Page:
Let your counselors and activity leaders create new ways to play games, new activities. Give them the opportunity to improve your camp’s systems and procedures. Hold a contest to encourage staff to be creative.

4. You Failed To Develop Their Skills

Leadership isn’t a destination – it’s a continuum. No matter how smart or talented a person is, there’s always room for growth, development, and continued maturation. If you place restrictions on a person’s ability to grow, they’ll leave you for someone who won’t.

Cross-train staff if you can. Allow your lifeguards to learn from your photographer. Let a counselor who’s interested in cooking spend a day in the kitchen.

Mid-season learning and motivation is wonderful. Create a workshop or two after the first few weeks of camp to give staff more tools to use with their campers. Have a roundtable discussion with your staff. Topics can include anything you covered during your initial staff training.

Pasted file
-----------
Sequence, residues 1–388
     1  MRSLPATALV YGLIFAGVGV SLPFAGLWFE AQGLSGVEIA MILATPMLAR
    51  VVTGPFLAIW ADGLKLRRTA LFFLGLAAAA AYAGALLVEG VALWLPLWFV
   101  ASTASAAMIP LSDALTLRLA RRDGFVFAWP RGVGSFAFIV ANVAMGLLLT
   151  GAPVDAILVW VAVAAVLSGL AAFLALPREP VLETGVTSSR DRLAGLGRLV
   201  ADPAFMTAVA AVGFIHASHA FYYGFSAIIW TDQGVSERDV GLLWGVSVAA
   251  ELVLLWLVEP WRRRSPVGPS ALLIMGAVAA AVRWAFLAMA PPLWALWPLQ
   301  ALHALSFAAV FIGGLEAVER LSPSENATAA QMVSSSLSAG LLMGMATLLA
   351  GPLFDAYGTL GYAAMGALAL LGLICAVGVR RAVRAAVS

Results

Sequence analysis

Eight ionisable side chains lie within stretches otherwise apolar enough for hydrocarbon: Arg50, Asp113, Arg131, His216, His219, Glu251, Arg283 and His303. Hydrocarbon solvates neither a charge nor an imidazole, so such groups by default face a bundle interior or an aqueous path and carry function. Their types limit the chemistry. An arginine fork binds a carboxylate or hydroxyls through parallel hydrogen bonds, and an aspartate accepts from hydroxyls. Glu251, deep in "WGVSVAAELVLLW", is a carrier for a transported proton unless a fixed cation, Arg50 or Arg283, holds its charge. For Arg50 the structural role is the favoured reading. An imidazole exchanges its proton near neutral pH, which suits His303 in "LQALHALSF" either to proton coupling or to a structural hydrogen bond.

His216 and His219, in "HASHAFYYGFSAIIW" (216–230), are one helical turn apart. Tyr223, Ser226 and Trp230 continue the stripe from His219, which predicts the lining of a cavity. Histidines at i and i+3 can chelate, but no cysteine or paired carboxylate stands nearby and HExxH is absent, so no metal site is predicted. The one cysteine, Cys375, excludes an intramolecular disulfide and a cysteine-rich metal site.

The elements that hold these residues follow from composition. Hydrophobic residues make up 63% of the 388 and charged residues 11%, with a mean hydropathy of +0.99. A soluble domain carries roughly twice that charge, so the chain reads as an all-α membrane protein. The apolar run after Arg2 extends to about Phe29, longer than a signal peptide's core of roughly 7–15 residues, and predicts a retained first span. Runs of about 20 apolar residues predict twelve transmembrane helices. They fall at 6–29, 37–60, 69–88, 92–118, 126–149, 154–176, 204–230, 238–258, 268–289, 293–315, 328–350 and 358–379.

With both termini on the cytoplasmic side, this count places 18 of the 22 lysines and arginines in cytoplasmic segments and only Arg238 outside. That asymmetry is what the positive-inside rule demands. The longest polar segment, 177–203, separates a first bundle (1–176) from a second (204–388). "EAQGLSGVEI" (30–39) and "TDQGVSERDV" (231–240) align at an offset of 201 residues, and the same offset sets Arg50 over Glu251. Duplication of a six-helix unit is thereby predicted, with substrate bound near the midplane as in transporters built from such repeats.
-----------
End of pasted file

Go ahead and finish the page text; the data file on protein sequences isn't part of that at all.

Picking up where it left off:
5. You Failed To Give Them A Voice

Talented people have good thoughts, ideas, insights, and observations. If you don’t listen to them, someone else will.

Make it clear that you have an open door policy. If anyone has something to say they can come to you. You can also put out a suggestion box. Go through the suggestions at least once per week.

6. You Failed To Care

Sure, people come to work for a paycheck, but that’s not the only reason. In fact, many studies show it’s not even the most important reason. If you fail to care about people at a human level, at an emotional level, they’ll eventually leave you regardless of how much you pay them.

Camp counselors get lost in the shuffle. Occasionally they just need a break or some advice. As a leader you are there to support them. Be aware of their needs and give them the support they require, whether that be an activity off to rest, a motivational word of encouragement, time to speak with you about an issue they are having, advice on how to handle a specific camper, etc. Check in on each staff member as much as you can.

7. You Failed to Lead

Organizations don’t fail, camps don’t fail, activities don’t fail, and camp staff don’t fail – leaders fail. The best testament to the value of leadership is what happens in its absence – very little. If you fail to lead, your talent will seek leadership elsewhere.